If scheduling a dinner with friends or family every week still sounds exhausting, I feel you. Scheduling a social outing doesn’t have to be something that involves a large group of friends or costs a lot of money. It can be as simple as going for a walk with your mom, FaceTiming a friend who lives far away, volunteering, joining a group fitness class, or taking a class to improve your skills where you can connect with other people with the same hobbies that you have.
3. Try socializing more at work
Hate to break it to you, but we spend most of our lives at work. Sometimes we see our colleagues more often than we do our friends and family. That’s why the happiest women are doing everything they can to make their jobs more fulfilling, including forming genuine connections with the people they work with. I’ll be the first to admit I’ve shied away from making friendships at work. I’ve too often been the girl with her head down at her computer, avoiding the awkward water cooler chitchat. But when I moved positions in my company a couple of years ago, I looked at it as a fresh start, a chance to socialize more with coworkers, and as a manager, set an example of what a team environment could look like.
It turns out, socializing with co-workers makes going to work ten times more enjoyable (surprise, surprise). Making connections at work doesn’t have to just be amongst your team or during lunch. It can also be done through company events or by seeking out those who have similar interests (i.e. try starting a book club, fitness club, or after-work happy hour). If you prefer keeping your social life and work life separate, simply giving a compliment to or checking in with a colleague can go a long way. Self-employed and work by yourself? Networking with other people in your industry can not only provide more work opportunities, but help you feel a little bit of human connection every time you catch up with them them at an event, reach out to ask for advice, or bounce ideas off of each other.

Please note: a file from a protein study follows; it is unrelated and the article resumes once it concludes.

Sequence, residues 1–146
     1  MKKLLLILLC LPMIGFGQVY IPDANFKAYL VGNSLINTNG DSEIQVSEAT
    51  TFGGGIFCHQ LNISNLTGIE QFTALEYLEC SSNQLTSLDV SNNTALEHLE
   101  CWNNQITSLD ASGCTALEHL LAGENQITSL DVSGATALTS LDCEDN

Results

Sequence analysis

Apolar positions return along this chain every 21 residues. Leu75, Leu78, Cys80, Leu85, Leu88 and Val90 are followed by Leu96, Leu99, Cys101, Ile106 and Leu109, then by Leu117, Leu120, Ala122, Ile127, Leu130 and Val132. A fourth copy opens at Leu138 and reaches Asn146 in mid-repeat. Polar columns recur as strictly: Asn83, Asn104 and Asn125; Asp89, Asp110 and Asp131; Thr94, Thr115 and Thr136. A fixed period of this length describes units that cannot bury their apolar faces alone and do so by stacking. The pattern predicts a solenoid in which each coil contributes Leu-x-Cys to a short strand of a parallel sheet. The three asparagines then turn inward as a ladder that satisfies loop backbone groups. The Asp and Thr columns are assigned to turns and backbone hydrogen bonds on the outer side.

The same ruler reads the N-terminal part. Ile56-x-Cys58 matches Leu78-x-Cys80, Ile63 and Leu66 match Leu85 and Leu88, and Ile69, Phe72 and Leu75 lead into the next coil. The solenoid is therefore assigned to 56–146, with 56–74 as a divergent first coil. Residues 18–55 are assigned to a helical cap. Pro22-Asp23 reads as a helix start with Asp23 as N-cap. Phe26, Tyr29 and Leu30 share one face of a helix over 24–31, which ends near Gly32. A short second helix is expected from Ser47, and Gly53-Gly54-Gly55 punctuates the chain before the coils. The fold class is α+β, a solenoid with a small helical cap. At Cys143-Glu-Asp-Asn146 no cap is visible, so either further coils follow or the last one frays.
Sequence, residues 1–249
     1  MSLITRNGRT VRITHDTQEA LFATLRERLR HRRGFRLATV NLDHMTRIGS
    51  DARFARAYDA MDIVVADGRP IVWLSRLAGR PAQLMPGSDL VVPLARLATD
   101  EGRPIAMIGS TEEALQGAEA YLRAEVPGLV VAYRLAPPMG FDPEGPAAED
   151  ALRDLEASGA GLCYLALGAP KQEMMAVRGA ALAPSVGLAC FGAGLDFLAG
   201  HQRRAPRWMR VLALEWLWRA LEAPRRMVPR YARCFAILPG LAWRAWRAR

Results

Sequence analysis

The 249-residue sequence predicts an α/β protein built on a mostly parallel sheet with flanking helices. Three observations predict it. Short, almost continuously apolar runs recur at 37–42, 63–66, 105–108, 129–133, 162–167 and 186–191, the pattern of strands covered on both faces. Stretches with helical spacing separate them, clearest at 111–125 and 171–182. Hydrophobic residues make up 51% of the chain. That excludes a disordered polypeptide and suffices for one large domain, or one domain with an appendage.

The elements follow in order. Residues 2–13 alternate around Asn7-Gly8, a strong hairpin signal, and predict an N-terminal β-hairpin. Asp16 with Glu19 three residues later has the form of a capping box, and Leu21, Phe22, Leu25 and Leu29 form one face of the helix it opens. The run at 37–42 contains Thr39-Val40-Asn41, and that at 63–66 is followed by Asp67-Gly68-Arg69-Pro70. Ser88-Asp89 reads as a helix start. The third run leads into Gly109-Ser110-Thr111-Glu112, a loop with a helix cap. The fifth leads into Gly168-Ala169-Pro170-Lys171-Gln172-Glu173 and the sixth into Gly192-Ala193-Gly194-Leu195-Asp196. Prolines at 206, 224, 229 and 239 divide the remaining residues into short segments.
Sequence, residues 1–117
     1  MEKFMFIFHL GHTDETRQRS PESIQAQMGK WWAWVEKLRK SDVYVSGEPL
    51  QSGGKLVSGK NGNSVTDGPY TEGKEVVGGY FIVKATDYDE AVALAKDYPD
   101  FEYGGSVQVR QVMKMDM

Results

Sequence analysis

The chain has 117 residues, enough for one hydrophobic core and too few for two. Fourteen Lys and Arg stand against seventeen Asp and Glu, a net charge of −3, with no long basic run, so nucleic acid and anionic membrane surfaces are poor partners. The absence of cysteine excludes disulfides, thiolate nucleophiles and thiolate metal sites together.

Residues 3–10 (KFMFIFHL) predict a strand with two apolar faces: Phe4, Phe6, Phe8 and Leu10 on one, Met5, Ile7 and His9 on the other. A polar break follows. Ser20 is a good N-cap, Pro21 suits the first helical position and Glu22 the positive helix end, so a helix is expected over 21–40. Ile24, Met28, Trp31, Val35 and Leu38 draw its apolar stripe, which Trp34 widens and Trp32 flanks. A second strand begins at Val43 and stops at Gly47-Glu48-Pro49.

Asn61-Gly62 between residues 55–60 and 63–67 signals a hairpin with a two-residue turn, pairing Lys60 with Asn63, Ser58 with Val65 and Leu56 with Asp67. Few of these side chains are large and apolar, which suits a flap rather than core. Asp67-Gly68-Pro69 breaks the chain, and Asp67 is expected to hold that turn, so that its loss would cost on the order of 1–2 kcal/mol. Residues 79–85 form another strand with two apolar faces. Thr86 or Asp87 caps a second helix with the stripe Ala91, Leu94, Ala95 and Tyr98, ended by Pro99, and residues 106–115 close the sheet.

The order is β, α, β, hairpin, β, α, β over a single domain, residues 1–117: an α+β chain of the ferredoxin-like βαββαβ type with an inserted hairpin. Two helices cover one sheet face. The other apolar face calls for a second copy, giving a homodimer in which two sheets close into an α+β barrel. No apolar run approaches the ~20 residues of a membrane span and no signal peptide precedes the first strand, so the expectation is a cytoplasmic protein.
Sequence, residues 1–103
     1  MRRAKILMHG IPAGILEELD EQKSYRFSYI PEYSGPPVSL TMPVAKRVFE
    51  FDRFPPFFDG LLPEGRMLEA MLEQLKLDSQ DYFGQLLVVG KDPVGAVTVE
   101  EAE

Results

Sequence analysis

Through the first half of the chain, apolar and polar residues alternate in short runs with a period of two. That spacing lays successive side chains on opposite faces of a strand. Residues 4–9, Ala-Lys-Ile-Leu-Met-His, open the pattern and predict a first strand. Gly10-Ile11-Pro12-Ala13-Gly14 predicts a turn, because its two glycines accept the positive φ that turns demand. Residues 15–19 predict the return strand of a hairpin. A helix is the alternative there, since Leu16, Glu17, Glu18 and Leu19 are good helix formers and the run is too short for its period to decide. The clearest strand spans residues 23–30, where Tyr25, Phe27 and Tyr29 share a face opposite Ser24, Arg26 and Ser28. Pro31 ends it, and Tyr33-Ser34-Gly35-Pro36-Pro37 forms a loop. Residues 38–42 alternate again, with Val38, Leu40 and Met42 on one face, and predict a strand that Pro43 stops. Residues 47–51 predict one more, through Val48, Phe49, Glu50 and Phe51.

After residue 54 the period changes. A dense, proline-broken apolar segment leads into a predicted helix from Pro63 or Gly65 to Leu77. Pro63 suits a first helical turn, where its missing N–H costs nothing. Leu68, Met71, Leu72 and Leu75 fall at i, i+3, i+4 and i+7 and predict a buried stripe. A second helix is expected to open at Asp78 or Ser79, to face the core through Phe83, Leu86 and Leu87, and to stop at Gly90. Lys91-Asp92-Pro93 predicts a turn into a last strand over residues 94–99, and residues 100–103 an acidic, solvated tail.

4. Sign up for group activities
While prioritizing social connections is vital for our health, forcing social connections definitely isn’t. If you’re struggling to connect with the people in your life, expanding your social circle may be the key to becoming happier. And signing up for group activities is an easy way to meet new people in a natural environment. If you love to cook, sign up for a cooking class. If you love animals, volunteer at an animal shelter. If you love fitness, sign up for a workout class. There are so many group activities out there for any interest, and by joining a group with people who have similar passions, you’ll be well on your way to forming new connections.
5. Get outside
It may seem simple, but half the battle of being more social is getting outside your home. The happiest and healthiest women make a consistent effort to foster connections, whether it’s chatting it up with the baristas at their local coffee shop or getting to know their neighbors when taking the dog for a walk. If we’re open to it, social connections can be made anywhere. While it may feel uncomfortable or awkward at times to make new ones, putting yourself in situations where they are possible means you’re already halfway there. So the next time you see the opportunity to start a conversation at the dog park or while sitting next to someone in a coffee shop, don’t pass it up.
Source: Cosmo Politian